• Headaches or dizziness
  • Aches and pains
  • Exhaustion or trouble sleeping
  • Low energy
  • Digestive issues

Again, physical symptoms can include much more. But these are just symptoms. There is a lot more going on under the surface. Chronic stress affects all the systems of the body, such as the respiratory, endocrine, cardiovascular system, and more.

Stress and Our Hearts

Even if we don’t see it, it is important to realize that a lot is going on when our body’s response to stress. When we encounter stress, our body produces stress hormones, such as adrenaline and cortisol, that trigger the fight-or-flight response.

This is great when you’re in the midst of an actual life or death situation. However, a constant hormonal response to chronic stress can take a toll on your health. In short, it is not suitable for your body to be in the continuous physiological state of fight-or-flight.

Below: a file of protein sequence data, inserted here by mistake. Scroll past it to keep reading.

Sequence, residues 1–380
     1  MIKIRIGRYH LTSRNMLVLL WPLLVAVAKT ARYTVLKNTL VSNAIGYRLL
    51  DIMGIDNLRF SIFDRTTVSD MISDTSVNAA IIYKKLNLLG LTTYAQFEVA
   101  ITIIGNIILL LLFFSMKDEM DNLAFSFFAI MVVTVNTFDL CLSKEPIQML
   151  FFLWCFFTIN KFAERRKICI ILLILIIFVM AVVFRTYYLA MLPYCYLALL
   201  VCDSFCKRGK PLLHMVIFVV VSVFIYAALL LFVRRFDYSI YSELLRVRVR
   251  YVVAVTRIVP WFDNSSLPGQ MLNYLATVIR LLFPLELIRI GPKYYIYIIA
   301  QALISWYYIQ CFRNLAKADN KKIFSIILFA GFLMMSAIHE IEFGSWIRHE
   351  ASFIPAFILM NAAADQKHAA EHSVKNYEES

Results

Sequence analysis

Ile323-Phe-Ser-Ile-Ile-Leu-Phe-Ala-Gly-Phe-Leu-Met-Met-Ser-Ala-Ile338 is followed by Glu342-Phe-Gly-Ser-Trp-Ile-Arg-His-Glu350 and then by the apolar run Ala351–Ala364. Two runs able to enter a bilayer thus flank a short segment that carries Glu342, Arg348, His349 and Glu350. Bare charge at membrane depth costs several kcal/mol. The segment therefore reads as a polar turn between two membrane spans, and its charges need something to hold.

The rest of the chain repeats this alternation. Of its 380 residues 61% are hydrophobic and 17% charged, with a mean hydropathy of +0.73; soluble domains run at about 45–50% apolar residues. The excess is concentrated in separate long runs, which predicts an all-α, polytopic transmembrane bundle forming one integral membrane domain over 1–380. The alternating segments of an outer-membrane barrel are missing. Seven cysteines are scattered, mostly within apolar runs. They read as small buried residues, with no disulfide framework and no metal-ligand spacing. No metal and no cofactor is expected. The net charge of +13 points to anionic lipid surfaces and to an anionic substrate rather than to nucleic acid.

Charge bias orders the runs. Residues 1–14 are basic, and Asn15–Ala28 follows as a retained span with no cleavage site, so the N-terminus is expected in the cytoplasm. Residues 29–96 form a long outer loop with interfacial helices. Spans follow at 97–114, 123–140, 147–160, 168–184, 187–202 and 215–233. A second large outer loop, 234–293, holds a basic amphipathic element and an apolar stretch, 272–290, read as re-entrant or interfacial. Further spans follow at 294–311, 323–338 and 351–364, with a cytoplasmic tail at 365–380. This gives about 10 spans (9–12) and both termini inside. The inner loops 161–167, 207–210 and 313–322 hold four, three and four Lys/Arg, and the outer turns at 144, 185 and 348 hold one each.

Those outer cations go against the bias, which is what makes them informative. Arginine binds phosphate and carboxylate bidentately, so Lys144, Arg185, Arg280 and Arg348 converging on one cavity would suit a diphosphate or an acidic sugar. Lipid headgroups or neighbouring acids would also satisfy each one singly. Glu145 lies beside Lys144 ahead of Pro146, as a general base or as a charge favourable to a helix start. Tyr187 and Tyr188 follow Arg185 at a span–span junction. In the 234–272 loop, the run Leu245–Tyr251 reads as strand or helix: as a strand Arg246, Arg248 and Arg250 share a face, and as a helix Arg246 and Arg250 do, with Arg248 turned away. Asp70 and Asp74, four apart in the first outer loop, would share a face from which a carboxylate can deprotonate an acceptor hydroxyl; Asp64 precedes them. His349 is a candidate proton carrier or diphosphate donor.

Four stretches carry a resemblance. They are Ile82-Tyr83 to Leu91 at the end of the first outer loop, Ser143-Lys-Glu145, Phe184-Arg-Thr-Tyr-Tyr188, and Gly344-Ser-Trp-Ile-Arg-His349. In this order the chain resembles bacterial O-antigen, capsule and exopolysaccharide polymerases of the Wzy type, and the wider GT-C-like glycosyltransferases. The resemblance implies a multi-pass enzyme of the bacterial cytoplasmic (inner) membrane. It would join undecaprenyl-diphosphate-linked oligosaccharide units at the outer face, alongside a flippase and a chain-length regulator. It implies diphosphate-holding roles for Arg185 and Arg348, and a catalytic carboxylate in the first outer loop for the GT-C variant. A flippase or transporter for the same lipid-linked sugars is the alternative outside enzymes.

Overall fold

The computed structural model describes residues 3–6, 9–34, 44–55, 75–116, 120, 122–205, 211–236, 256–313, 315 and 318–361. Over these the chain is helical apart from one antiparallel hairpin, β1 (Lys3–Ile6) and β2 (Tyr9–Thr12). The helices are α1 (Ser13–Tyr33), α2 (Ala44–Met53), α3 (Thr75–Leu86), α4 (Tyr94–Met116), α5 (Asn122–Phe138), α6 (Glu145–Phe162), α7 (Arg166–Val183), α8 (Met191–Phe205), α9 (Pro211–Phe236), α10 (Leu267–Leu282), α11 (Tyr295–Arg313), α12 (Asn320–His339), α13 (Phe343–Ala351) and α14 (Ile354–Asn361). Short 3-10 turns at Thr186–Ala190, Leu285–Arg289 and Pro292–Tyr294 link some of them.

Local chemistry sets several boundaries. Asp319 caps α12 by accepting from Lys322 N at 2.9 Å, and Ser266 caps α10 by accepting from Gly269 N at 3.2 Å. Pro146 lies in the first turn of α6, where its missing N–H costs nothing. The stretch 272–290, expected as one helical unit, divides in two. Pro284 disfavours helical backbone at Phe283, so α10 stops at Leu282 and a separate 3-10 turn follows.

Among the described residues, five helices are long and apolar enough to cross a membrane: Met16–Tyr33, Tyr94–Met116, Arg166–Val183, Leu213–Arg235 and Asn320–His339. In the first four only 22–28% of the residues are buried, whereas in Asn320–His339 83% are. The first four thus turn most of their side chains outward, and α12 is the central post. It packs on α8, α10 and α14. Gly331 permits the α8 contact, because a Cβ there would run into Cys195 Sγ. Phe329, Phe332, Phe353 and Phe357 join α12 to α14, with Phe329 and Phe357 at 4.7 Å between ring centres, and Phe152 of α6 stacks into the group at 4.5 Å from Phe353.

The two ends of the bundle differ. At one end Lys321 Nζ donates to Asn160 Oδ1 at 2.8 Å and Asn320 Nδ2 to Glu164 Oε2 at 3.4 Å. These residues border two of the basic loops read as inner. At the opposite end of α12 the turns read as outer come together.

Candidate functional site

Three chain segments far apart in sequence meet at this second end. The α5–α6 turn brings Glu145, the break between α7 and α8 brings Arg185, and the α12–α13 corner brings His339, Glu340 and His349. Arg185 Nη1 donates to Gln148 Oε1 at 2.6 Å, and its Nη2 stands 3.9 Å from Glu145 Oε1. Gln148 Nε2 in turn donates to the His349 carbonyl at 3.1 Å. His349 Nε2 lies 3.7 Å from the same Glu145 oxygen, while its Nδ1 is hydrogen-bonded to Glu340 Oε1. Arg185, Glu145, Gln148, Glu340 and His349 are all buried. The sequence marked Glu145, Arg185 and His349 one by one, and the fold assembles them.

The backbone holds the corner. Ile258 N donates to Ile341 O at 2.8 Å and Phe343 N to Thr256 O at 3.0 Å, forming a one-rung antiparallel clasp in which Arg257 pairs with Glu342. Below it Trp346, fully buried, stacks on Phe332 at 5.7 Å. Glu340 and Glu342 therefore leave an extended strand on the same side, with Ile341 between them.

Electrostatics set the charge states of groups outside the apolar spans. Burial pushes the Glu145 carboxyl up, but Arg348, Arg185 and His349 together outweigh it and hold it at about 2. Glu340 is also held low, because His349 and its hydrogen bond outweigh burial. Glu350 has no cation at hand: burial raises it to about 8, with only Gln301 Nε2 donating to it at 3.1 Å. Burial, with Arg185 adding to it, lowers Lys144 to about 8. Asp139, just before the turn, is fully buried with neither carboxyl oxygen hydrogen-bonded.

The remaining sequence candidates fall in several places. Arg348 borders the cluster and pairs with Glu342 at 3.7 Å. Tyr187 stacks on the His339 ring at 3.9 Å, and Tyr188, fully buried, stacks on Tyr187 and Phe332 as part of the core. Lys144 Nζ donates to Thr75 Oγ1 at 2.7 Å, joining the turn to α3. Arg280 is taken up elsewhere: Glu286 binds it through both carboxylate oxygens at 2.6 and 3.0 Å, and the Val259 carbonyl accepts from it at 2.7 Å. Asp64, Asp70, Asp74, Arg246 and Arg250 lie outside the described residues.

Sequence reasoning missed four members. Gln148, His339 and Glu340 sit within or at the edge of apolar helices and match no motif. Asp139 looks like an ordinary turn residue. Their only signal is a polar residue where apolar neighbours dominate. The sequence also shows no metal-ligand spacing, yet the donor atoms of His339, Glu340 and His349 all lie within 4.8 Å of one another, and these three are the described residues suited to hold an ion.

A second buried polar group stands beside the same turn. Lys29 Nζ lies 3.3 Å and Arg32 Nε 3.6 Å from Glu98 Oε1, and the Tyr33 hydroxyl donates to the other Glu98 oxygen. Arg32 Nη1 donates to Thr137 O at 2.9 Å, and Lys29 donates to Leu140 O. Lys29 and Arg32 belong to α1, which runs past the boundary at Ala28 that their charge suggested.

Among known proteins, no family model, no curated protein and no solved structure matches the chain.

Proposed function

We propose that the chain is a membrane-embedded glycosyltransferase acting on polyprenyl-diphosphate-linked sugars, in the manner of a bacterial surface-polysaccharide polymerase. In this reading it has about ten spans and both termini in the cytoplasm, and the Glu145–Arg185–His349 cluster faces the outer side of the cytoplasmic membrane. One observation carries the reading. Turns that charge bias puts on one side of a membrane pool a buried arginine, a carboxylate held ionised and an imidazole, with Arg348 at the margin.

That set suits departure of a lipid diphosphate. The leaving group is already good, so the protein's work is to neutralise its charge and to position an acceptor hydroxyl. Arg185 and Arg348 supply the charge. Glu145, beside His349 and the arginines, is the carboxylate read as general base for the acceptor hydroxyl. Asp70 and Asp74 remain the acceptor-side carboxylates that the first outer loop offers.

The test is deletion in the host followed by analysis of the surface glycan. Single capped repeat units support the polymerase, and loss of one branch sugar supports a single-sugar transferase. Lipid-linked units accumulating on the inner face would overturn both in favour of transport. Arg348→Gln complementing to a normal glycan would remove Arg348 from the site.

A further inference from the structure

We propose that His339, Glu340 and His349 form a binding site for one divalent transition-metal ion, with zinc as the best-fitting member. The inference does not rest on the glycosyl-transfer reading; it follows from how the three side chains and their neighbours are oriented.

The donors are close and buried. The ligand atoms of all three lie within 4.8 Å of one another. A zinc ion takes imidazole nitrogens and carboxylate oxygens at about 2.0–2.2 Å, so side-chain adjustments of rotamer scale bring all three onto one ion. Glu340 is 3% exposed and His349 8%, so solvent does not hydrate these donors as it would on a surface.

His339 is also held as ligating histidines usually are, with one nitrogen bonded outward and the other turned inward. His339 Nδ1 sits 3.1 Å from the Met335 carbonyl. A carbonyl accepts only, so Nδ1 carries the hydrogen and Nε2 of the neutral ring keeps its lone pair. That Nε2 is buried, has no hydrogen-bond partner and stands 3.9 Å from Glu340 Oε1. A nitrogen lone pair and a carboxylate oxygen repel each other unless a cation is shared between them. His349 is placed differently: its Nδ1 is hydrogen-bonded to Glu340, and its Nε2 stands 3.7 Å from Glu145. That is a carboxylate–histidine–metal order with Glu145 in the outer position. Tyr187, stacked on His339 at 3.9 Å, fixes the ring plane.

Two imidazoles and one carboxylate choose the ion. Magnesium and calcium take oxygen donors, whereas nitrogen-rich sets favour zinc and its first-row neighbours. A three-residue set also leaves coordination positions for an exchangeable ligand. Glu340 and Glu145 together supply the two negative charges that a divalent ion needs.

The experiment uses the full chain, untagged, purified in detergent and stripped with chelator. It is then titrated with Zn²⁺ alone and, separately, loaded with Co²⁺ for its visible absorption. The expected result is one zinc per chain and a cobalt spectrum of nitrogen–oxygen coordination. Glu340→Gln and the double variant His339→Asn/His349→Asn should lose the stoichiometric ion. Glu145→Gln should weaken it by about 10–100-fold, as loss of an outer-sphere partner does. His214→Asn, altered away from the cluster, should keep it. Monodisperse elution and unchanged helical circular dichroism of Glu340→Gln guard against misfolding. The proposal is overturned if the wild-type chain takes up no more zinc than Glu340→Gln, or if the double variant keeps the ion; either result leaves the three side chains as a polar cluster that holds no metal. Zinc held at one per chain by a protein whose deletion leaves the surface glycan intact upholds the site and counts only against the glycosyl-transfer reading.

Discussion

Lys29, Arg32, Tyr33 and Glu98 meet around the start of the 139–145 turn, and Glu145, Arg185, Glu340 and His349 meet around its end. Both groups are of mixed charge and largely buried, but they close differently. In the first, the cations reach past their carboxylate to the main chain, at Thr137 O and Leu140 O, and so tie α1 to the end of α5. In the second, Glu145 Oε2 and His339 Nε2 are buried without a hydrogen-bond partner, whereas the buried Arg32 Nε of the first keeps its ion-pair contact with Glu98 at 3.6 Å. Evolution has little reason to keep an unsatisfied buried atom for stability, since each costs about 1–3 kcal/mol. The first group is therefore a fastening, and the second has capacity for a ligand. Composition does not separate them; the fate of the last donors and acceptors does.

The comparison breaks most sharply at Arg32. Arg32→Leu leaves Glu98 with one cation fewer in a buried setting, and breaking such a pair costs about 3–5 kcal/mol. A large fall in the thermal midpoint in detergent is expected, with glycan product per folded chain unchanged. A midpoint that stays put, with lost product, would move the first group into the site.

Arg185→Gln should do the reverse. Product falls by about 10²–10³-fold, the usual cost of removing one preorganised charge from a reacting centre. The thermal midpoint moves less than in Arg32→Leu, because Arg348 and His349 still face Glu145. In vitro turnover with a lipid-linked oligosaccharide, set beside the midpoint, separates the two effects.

Stress hormones can affect both your respiratory and cardiovascular systems. In times of stress, they cause us to breathe faster, delivering oxygen-rich blood to our bodies and organs to help us escape danger.

Our hearts pump faster under stress as hormones cause the blood vessels to constrict, diverting blood to the muscles to flee or fight. But, this also raises our blood pressure.

The point is this, constant or prolonged stress can make your body work too hard for too long. If left unchecked, it can contribute to heart issues, leading to things like heart attacks.

Stress and Heart Issues

Most people don’t think about stress being a risk factor for heart issues. They assume it is caused by other lifestyle factors, such as smoking or poor diet (which is also true). However, as we have seen, chronic stress can be just as potent of an enemy.

Largely due to the hormonal responses discussed above, heart issues risk factors related to stress can include: